Meditated for 6 minutes today. Boom!
I didn't want to go crazy, as I am planning on doing the next chakra here in a few, but here are my thoughts on the Heart Chakra.
Because I have had asthma my entire life, I was keen on trying to find out where this ailment falls in terms of the subtle body, and after going back and forth (4th or 5th?), I believe whole heartedly (pun intended) that asthma has to be a 4th Chakra thing.
This blog is going to be all over the place. I won't apologize, as it's a journal entry style blog.
Okay, asthma, 4th chakra, this should be one I pay attention to. A few of the prompts spoke to me, but the one method of meditation for this chakra that really hit home for me was repeating two words I noticed on one handout from class:
Inhale unstuck, exhale unhurt.
Man, that is brilliant. Often during an asthma attack, "stuck" is exactly how my lungs feel. I remember the first time I got into a camel pose in a Bikram class, I felt vulnerable, flexible, unstagnant, and terrified at the same time (like, holy shit, my chest is open my chest is open my chest is open, no way am I going to let my head fall back what are you crazy can I come up now).
As far as lifetime "unstuck" experiences, I relate the imbalances I have felt in this chakra (oh and there have been many) most to my choice to waitress for most of my adult life and feeling as though it was my ONLY choice. As the money became not as easy in New York City, (I remember moving here and making boatloads of money--in comparison--one Happy Hour pm shift could easily earn me $500 back in the day, as opposed to post-recession Happy Hours, which fell between $150-$300, depending on where I was working).
Ah, green, the color of money and the heart chakra, what a fine coincidence.
Doing the one activity that most people would not associate with asthma (running marathons) was actually the activity that freed up my heart chakra the most. After my first marathon, something inside me changed. I built up confidence and soon became manager of the bar where I worked. Not so long afterwards, I started personal training again, and for real--not prospecting clients in a gym, but actually working with clients in their homes, people of all types of ability. I discovered I was a teacher in some regards (a great lead in to the next chakra!!), and I hung up my beer opener and waitress/bartending cap for good (or so I thought--I have had a few shifts in the biz here and there when money has been tight between clients).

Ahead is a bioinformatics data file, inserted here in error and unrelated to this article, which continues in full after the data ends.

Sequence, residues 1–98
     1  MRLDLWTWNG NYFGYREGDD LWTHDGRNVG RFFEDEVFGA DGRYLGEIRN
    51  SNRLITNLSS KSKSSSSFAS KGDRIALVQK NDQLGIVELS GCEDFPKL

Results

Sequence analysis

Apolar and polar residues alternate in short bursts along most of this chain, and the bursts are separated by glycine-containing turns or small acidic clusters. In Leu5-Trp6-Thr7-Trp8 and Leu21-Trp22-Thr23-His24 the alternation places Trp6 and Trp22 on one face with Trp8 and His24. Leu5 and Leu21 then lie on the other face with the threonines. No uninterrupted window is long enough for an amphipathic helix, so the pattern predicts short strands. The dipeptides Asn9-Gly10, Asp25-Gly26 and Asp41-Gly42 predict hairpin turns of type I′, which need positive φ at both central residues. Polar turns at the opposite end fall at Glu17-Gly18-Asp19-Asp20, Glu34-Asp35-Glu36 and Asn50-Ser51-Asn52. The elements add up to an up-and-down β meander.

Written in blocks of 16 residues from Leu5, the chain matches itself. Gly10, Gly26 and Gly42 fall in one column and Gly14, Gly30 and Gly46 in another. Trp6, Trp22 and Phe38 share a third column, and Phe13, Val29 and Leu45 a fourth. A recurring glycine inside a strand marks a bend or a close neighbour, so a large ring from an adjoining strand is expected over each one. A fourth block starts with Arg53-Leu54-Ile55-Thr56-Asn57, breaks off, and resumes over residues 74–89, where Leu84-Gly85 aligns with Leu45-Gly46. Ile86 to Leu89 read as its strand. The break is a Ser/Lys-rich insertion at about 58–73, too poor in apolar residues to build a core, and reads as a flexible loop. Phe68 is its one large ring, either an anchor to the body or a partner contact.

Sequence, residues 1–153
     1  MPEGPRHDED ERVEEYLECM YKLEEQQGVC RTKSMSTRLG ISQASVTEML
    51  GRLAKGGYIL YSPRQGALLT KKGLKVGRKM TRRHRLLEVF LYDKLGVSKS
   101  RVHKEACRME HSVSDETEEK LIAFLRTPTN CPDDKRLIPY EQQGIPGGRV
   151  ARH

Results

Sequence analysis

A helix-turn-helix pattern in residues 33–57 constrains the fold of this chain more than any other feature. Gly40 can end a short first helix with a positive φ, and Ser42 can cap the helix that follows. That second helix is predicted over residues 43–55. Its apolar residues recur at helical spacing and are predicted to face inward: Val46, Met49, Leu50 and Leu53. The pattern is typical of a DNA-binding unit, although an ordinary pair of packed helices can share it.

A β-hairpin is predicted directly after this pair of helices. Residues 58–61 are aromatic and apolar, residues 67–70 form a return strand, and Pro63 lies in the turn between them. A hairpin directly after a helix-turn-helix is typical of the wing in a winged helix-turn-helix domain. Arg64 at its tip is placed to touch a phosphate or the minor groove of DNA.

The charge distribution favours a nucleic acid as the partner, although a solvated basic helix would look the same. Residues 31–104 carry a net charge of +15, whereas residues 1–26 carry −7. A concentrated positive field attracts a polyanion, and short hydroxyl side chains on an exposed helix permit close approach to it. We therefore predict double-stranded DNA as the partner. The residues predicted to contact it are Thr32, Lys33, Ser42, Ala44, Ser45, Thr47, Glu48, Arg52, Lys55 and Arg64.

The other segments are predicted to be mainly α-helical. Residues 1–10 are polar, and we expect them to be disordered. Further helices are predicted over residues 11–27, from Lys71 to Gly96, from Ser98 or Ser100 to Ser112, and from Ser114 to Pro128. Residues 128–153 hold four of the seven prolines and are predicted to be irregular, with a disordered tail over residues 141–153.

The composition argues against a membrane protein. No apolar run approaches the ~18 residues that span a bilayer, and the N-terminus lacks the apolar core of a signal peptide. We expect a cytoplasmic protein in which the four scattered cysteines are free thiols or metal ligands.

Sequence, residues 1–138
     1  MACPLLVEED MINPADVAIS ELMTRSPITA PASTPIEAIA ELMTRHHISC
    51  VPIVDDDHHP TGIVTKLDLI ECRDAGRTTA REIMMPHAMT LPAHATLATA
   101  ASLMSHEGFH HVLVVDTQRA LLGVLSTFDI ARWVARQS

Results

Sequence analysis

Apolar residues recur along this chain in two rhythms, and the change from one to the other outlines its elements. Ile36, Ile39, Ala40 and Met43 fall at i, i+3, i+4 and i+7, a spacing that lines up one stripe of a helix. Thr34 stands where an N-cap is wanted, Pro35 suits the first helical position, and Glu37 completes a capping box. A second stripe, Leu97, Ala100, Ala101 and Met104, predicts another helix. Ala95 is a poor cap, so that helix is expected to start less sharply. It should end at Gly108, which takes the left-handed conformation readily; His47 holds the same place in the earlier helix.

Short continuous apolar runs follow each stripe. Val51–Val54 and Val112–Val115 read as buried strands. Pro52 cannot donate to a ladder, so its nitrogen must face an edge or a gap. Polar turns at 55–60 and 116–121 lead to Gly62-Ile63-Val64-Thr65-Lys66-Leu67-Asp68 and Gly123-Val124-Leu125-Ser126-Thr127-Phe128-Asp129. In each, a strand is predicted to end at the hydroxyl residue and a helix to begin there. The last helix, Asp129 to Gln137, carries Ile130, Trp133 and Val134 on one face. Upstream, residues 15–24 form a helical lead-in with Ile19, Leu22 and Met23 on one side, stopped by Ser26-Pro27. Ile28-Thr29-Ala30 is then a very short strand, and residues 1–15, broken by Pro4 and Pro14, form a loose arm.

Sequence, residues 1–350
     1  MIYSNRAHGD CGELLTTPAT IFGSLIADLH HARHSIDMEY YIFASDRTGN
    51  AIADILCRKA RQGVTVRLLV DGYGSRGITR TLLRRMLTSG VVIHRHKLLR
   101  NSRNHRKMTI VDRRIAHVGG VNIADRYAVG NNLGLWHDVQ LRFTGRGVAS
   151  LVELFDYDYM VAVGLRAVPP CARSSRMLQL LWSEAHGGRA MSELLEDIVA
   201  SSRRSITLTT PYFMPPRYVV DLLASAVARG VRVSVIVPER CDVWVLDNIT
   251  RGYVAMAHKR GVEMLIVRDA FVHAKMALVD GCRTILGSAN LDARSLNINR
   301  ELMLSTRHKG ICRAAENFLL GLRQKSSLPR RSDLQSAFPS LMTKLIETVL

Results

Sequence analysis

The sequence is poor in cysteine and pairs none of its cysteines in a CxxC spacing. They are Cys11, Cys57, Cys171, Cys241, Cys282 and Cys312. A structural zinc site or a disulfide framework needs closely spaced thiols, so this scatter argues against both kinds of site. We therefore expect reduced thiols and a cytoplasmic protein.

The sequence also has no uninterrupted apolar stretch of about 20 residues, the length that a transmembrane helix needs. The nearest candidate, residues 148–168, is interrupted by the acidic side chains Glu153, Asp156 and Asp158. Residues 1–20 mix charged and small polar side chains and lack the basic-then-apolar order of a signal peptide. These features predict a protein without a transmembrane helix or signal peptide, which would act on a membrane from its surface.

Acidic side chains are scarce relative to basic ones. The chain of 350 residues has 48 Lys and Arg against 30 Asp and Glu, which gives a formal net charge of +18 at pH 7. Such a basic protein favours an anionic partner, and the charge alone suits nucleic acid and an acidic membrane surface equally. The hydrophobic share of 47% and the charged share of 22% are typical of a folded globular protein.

But you know what? I have other talents that have been stagnant for so long that I could be using to make ends meet. Being a great waitress or bartender is an incredible accomplishment. You deal with so. much. crap. And it teaches you how not to treat people. It also teaches compassion, over and over again, and this unknowingly prepared me for training. My compassion, my ability to guide someone (whether it be drink choice or through a series of exercises) falls within my true identity.
I'm having a real breakthrough here, as I think about how powerful language is. Waitress. Server. BarTENDer. Someone once told me, "You're an amazing waitress; you'll have no problem finding another job." This person said this to me as he was firing me during one of the darkest times of my life, but I wouldn't have it any other way, in retrospect. I did get other jobs, but I had to play Farmville first, and drink Trader Joe's wine while binge watching Law and Order SVU and grieving the death of my friend. It was 2008, and I was 27, and for years afterwards, I would said it was the worst year of my life. Now that I know I have more life left, I might disagree with my 28, 29 year old selves in the future. Now I say, "27 sucked", or "once I turned 30, I started to not give a damn". Tis true, the 30s so far have been the best for me, and they keep getting better.
I wanted to be done with the restaurant industry by the time I reached 30; I didn't retire completely until I turned 33. I have gone back twice (the most this last winter when I needed to get the dough together for this teacher training). I had to give up the gig as I started doing insane amounts of yoga, soul searching, studying--your body and mind are tired. One shift, I worked until 3am, and I was miserable and knew that I had to quit and never return. Not because of the nightlife, but because I was making myself so exhausted, and the money was not worth it. How can I be a good student, exhausted? How can I be a good teacher, exhausted? I also had to quit because a friend told me that I was so good at the hospitality industry, that I should consider going back full time, and why was I spending all this money on training? My god, this person doesn't understand me at all, I thought, when in reality he does, but he has not seen me with clients. He has not seen me in those moments of teaching when my client can finally feel their glutes fire up, or lats activate, and those moments are powerful.
I have started to substitute teach, and I had two students ask me questions after class the other night. It was awesome. Questions are cool. I love giving people answers.
I'm gong to have to end this now, and get coffee, but until next time.